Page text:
How to invest in IPOs ?
IPO means Initial Public Offering and is the IPO of a company. On german, this is called the procedere stock drawing. Shares can only be subscribed if you have a deposit with a syndicate bank.
Stock drawing is a different type of order. Just like a normal purchase of securities, this subscription order can be provided with a certain quantity and also a limit price. The fees for such an order are usually the same as in the case of a regular purchase of securities.
Normally, the subscription requires a minimum number of shares, about 20 shares, of the company that goes public. A drawing can only be submitted within the rather short subscription period. This period is usually between five days and two weeks.
The price at which the investor receives the paper is determined during this bookbuilding phase, through supply and demand. Previously, however, the banks in the issue consortium had already determined a price range or bookbuilding range. If the demand for a share is high, an issue price is determined accordingly at the upper end of the range, with less interest on the investor side, the issue price is correspondingly lower. If the demand is so high that the securities are already oversubscribed (more demand than supply), the subscription period can also be terminated prematurely.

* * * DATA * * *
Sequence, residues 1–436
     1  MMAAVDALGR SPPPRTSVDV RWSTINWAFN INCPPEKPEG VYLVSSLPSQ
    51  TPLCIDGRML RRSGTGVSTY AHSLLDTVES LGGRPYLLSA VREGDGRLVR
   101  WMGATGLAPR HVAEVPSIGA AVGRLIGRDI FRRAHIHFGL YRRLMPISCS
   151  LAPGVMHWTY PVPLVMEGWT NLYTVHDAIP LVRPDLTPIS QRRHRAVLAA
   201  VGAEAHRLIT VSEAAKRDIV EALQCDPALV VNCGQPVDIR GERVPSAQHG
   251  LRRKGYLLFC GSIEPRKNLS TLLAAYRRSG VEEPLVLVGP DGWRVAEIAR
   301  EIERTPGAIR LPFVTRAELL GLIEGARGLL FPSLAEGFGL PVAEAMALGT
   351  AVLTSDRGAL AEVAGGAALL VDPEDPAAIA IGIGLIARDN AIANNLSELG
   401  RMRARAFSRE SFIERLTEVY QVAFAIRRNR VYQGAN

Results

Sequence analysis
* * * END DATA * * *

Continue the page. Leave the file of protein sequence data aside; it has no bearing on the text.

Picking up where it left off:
Supply and demand.
However, whether the investor gets his signature at all with his broker also depends on the demand. In a title that was highly coveted in advance, the drawing resembles a lottery game. Those who really receive shares can assume that they will win subscriptions. This means that the stock starts trading well above the issue price.
However, the chances of an allocation also depend on which broker or bank is placed with a subscription order. Guaranteed quotas for investors are usually only available at banks and their online brokers if the institution was part of the banking consortium at the IPO. How many of the shares actually received by each investor depends on the distribution according to the rules of the banks themselves. In any case, a "full allocation" in the event of high demand is by no means guaranteed.
If you want to buy an attractive stock before the actual IPO, for example because you expect rapid price increases after the launch, you can do so to a limited extent in trading on appearances. In this grey market, the shares are already traded in advance. Exactly that is a forward transaction. In doing so, the offering of the share undertakes to deliver it at the corresponding price after the IPO, the investor undertakes to pay the purchase price after the IPO has taken place.
If you have not been successful in drawing a new share, nor if you want to strike at the time of trading, you can also buy the stock after the IPO on the stock exchange or in direct trading.